Greg Williams and his team members provide care in remote areas of Ecuador

Photo Credit: COURTESY OF GREG WILLIAMS - A GOOD DAY'S WORK  - Ecuadorian village children happily show off their new toothbrushes that hopefully wil last them a long time. King City dentist Greg Williams experienced a very different commute in April when his non-profit organization, Wide Open Humanitarian, went on a dental mission to Ecuador, where the group was transported on long boats on the Misa River to reach remote villages.

Ecuador is a democratic republic in northwestern South America that includes the Galapagos Islands in the Pacific Ocean to the west, and it is bordered by Peru on the east and south, and Colombia on the north. The vast majority of the population of approximately 15 million speaks Spanish.

The dental team, which was composed of 30 people, flew into the capitol of Quito and then traveled to a river port city called Misachualli, from where they branched out "to areas less likely to have dentists," Williams said of the prearranged sites chosen by his local contacts.

"For two days we worked up river in a village called Anaconda that was a 45-minute boat ride away, and then we drove to a different port, Punibocana, and took boats to an island and hiked for a quarter mile to a village called Kanambu to set up," Williams added.

"We tried to coordinate the trip to take advantage of good weather, but there had been heavy rains previously, and the river was swollen. We used long boats, and a lot of people would have paddled to the island, but the water was too high, although it went down several feet while we were there."

Photo Credit: COURTESY OF GREG WILLIAMS - RUGGED CONDITIONS -  A section of a street becomes a makeshift dental clinic as Wide Open Humanitarian team members work on patients under less-than-ideal conditions.Unfortunately, because of the heavy rain and receding river, the banks where they had to land were "steep, slippery and a muddy mess," Williams said.

But while team members worked steadily on patients, they treated fewer than on previous trips to other parts of the world - maybe 1,000 people total, according to Williams, who added that the government tries to take care of its indigenous people, which it is able to do because the oil companies working in Ecuador contribute money for medical care.

"The natives are not trusting of white men, and Ecuador is still home to some savage tribes," Williams said. "Because there is so much anti-white sentiment, we didn't use too much anesthesia because the natives were suspicious of being knocked out.

"They would say the medicine man doesn't trust dentists, or they would wait to get a report from the first patients to learn how they were treated, and we would see people lurking about and watching us. We always had a lull in the midday while waiting for the first patients to give their reports, and then there would be big rush in the afternoon. Other places we've been, there was no distrust, and we were welcome."

Williams' team paired up with Charity Anywhere that uses dentists in Ecuador to coordinate dental services to keep track of the areas that have been served and those that have needs.

"Of all the places we've been, the people had better teeth," Williams said. "There is a system in place, and it's working. There is no system in place in other countries we've been in.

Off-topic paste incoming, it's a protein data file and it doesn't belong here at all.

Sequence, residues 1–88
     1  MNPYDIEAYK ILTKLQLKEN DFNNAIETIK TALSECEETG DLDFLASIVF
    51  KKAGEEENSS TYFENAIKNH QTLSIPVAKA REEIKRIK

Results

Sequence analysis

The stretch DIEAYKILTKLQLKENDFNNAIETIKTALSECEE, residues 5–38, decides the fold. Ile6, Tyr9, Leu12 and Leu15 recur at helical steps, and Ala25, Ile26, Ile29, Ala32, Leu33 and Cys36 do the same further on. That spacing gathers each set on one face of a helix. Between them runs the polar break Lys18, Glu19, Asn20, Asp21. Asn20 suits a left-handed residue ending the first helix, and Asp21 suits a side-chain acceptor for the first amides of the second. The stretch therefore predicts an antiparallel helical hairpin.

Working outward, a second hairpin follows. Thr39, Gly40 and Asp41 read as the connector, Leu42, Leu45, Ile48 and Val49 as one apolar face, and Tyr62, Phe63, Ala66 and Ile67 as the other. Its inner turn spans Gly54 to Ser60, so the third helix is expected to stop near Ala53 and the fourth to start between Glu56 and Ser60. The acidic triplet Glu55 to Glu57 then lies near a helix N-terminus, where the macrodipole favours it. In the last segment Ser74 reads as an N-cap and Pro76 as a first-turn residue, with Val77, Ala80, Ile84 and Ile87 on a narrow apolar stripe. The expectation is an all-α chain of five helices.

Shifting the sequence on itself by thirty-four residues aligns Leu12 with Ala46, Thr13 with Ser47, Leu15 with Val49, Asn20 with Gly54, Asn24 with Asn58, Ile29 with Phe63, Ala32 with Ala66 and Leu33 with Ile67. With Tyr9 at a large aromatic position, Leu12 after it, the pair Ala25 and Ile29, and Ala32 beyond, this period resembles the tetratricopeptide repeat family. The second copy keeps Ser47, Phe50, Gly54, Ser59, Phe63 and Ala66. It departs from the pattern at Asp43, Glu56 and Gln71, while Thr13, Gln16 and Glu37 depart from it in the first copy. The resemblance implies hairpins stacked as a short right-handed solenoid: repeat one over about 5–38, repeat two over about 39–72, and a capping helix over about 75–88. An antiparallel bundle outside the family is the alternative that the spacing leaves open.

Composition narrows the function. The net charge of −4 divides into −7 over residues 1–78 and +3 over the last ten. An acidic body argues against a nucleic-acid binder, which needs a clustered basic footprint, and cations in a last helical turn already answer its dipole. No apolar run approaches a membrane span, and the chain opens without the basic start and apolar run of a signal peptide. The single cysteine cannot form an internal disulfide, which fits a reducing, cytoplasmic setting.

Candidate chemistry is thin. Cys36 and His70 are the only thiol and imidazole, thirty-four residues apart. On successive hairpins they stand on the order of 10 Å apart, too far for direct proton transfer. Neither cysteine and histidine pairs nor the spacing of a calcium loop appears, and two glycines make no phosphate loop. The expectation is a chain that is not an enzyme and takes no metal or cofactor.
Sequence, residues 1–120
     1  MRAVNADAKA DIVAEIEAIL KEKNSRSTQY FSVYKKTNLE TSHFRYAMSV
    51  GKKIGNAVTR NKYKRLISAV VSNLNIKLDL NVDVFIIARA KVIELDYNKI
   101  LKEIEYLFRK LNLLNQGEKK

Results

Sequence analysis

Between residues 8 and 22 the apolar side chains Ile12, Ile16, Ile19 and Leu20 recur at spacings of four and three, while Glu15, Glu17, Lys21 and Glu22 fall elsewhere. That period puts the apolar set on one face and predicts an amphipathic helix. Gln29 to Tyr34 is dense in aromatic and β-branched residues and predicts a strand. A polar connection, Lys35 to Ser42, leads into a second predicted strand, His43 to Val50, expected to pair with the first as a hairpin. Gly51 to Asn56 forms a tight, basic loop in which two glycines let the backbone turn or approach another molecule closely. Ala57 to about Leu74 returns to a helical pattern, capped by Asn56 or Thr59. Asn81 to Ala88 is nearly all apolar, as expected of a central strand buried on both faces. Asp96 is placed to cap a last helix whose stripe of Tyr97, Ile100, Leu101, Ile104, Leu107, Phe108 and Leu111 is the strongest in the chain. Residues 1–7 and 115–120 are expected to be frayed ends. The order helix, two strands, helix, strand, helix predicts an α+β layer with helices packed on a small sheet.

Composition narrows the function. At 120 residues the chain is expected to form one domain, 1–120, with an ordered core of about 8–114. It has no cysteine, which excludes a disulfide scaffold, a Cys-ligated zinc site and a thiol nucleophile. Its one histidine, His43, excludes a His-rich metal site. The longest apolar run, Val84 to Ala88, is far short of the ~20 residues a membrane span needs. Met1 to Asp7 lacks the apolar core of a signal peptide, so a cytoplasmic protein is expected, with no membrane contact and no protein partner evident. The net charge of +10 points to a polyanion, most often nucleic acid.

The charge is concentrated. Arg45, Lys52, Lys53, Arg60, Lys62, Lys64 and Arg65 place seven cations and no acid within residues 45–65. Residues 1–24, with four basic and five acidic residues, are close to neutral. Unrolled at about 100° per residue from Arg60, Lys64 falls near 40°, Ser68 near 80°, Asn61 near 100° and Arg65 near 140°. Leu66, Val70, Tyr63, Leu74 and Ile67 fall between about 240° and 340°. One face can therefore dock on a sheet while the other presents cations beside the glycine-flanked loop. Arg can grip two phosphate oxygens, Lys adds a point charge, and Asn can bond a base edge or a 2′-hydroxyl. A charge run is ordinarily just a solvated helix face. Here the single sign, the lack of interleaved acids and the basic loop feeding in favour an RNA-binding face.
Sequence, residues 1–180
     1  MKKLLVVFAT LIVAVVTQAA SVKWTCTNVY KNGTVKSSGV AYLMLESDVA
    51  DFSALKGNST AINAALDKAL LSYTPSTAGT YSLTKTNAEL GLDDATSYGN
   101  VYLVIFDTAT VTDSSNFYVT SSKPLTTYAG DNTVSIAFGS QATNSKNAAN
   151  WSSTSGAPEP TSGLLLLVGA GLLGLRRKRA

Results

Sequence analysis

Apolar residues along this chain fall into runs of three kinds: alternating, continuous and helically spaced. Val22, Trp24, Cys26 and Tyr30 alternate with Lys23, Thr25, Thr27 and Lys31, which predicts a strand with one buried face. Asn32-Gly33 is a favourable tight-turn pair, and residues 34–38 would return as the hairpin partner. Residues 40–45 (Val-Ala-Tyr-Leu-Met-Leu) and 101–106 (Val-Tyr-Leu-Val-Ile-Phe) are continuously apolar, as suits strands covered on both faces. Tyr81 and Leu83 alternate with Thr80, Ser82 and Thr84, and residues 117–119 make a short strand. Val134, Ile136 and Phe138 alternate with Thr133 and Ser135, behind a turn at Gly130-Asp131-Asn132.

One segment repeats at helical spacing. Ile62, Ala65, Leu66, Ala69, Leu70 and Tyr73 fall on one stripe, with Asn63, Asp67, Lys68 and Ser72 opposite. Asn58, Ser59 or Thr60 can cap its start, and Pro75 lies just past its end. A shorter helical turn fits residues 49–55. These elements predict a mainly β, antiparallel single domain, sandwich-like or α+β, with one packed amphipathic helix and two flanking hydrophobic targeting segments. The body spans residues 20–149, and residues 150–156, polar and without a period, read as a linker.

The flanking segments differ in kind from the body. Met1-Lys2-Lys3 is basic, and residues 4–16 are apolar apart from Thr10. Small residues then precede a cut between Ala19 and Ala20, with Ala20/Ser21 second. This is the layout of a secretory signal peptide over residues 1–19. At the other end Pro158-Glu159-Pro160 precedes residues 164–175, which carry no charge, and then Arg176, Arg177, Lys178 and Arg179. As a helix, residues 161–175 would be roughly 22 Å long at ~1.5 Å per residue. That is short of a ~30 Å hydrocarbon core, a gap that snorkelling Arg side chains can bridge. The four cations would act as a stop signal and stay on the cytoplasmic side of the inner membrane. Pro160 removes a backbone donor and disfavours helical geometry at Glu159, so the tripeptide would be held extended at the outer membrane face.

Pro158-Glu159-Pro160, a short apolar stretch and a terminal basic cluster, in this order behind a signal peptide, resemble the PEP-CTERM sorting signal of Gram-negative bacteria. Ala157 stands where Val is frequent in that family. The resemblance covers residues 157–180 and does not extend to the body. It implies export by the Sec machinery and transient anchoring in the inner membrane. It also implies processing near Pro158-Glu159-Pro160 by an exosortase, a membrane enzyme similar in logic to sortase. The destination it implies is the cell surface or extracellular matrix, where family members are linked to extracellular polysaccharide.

"We worked with three or four Ecuador dentists who helped us bridge the communication gap. We have different philosophies in treatment, but in general people were appreciative. And there are a lot more politics in Ecuador than in other places we've been. But at the end of the day, we bridged a gap, and we helped people."

At one point, for the first time in all the trips Williams has taken, the team split into two, with the other one led by Dr. Scott Dyer of Tualatin, to serve two different areas. The total team consisted of eight dentists, five dental students, one physician, three dental hygienists, six dental assistants, two support personnel and five teenagers.

Team members also had a little time to visit scenic spots in the areas where they were working, including a river trip in Zodiacs to see lots of waterfalls and a hike along an underground river through a cave system.

"The nice thing about Misachualli is that it is not a tourist town," Williams said. "We try to go to places where there is not that much activity."

The trip, including travel time, ran from April 4 to 15, and the team worked a total of five days, from Sunday through Thursday, "and then we flew to the island of Baltra in the Galapagos and then on to Santa Cruz Island for some R & R," Williams said. "We arrived on Friday morning and left Monday. We tried to coordinate tours ahead of time and took a land tour and saw giant land tortoises. On Saturday, we took a boat ride to an island for some snorkeling, and we saw a lot of flora and fauna, and on Sunday, everyone did their own thing."

As for the next trip, Williams is thinking of Nicaragua or Honduras, "but Nicaragua is at the top of our list," he said. "There is so much need there. I'm glad we went to Ecuador, but there is a system in place there, although it doesn't take care of all the need. We were a support group for their plan. Our goal is to set up systems in other countries.

"We met some of the nicest people and saw a lot more kids than we have seen before. The real problem in Ecuador and other countries is the lack of safe drinking water. Ecuador tries to provide potable water in all its villages, but water costs about the same as pop, so people choose pop over water."

Overall, "it was a great trip," Williams said. "I loved it, and we felt safe."

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